I think cash still has a role though, I think it's a useful hedge to stocks and shares although statistically it's almost guaranteed to be outperformed over 18 years. Still, I like the straight-line predictability of cash over time, and for that I'd recommend something like the Halifax Kid's Regular Saver (4%, minimum £10/month) or the Barclays Children's Regular Saver (3.5%, minimum £5/month).

    In the example the OP gave, of saving perhaps £40 a month, why not split that 30:10 shares:cash?

    If you want to diversify, remember you can buy Premium Bonds on behalf of a (grand)child, and they also do a 3-year Children's Bond at 2%.
    • atush
    • By atush 18th May 17, 12:56 PM
    • 16,241 Posts
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    atush
    • #8
    • 18th May 17, 12:56 PM
    • #8
    • 18th May 17, 12:56 PM
    thanks, where would i get started with equities, would that let me put money in little at a time?
    Originally posted by tbkbt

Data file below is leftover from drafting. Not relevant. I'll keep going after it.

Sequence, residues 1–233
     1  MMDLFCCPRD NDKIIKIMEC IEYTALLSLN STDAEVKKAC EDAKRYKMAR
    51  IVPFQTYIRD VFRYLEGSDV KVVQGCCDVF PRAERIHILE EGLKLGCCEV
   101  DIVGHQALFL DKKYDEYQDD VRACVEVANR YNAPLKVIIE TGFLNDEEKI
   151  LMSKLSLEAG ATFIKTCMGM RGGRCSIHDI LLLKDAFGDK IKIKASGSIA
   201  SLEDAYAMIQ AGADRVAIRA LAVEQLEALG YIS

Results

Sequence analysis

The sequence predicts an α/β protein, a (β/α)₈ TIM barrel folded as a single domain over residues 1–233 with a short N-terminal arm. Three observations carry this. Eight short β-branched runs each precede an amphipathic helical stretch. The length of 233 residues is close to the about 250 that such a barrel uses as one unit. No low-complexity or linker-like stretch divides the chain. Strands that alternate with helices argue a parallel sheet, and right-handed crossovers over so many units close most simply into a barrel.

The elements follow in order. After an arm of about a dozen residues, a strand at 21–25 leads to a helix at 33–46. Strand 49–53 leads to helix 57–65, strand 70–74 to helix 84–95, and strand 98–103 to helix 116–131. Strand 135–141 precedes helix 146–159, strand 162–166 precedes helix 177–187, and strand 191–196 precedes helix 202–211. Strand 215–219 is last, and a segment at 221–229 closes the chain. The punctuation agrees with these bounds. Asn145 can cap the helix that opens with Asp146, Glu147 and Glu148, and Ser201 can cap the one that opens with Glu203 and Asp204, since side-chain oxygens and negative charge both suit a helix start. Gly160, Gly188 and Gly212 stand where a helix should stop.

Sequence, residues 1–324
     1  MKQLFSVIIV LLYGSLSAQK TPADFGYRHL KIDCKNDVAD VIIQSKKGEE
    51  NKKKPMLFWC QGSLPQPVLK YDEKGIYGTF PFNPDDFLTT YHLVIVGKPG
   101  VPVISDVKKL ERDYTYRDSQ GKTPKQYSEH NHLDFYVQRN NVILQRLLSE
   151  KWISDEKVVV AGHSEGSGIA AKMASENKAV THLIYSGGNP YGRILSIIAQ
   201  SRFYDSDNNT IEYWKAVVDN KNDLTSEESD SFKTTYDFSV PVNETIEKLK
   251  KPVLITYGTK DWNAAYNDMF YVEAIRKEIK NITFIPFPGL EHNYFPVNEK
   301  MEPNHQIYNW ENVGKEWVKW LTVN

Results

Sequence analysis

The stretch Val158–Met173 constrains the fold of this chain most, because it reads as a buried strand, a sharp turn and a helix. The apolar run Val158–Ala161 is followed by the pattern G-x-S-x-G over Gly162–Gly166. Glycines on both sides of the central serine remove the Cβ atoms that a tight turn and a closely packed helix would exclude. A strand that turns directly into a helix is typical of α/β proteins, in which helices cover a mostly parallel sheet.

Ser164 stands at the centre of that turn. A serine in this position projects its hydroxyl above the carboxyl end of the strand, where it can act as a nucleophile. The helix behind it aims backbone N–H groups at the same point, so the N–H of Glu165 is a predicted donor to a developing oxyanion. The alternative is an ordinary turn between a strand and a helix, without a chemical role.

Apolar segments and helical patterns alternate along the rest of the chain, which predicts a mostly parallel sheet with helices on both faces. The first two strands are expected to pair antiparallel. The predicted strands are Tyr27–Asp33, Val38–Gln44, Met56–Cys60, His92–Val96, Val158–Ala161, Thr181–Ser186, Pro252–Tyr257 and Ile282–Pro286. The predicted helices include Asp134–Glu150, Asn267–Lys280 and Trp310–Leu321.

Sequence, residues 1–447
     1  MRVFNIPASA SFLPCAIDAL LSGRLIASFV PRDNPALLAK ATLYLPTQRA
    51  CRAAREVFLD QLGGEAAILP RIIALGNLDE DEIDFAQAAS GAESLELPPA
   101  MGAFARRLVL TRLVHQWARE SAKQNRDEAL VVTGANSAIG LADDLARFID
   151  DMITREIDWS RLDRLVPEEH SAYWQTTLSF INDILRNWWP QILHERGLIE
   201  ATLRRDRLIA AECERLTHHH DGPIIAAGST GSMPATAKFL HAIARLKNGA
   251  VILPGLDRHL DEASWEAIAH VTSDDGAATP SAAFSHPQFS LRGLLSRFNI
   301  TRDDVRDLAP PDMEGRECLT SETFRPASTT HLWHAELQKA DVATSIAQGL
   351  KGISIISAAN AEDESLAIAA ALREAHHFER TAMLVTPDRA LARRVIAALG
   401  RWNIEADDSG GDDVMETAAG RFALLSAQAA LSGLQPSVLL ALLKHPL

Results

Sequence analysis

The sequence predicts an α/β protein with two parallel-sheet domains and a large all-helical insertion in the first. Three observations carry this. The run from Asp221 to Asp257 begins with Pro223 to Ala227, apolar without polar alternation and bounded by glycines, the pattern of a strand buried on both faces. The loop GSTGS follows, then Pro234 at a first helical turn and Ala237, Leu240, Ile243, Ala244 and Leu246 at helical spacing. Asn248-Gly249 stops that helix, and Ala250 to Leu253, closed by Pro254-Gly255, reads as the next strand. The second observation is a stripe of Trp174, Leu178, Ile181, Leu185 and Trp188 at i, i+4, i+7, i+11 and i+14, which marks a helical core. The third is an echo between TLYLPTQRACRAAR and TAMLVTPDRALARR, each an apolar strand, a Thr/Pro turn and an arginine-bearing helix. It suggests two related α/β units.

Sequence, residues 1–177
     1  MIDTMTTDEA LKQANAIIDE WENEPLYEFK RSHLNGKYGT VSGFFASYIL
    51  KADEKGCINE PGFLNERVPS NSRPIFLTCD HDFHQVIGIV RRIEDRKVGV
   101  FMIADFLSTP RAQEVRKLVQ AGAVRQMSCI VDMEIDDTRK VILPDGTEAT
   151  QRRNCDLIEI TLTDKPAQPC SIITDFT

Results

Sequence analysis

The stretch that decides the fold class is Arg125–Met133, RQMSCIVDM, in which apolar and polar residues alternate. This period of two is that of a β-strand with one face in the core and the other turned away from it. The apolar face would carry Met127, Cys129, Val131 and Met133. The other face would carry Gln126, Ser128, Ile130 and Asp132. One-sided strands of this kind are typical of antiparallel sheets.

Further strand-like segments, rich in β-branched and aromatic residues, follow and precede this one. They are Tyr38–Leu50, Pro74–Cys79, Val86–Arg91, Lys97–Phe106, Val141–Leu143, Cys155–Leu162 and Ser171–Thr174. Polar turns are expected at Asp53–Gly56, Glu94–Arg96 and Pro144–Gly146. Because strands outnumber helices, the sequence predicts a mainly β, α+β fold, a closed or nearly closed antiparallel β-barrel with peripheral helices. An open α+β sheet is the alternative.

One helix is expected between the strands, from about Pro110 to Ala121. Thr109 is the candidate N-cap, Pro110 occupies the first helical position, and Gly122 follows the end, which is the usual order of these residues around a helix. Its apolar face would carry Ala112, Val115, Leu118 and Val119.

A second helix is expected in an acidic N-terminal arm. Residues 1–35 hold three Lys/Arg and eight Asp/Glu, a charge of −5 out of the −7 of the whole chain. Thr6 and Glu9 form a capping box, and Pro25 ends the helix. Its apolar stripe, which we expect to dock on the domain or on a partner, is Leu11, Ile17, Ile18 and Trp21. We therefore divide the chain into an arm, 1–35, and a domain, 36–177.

Consult with the parents about opening a Lisa (which they have to open as parents). Other options include investment trust savings plans- I used several for my kids incl Witan and F&C.

    You invest monthly, and they use the money to buy units/shares. They run Jisas and ISas too- if you dont use your isa allowance you can use a ISA to save for them?
    • eskbanker
    • By eskbanker 18th May 17, 1:08 PM
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    eskbanker
    • #9
    • 18th May 17, 1:08 PM
    • #9
    • 18th May 17, 1:08 PM
    Consult with the parents about opening a Lisa (which they have to open as parents).
    Originally posted by atush
    OP is one of the parents as I read it!

    Also, did you mean JISA rather than LISA (which is only available to 18-39 year olds)?
    • fiisch
    • By fiisch 18th May 17, 1:33 PM
    • 163 Posts
    • 62 Thanks
    fiisch
    I've just opened a Halifax JISA for our newborn at 3% interest.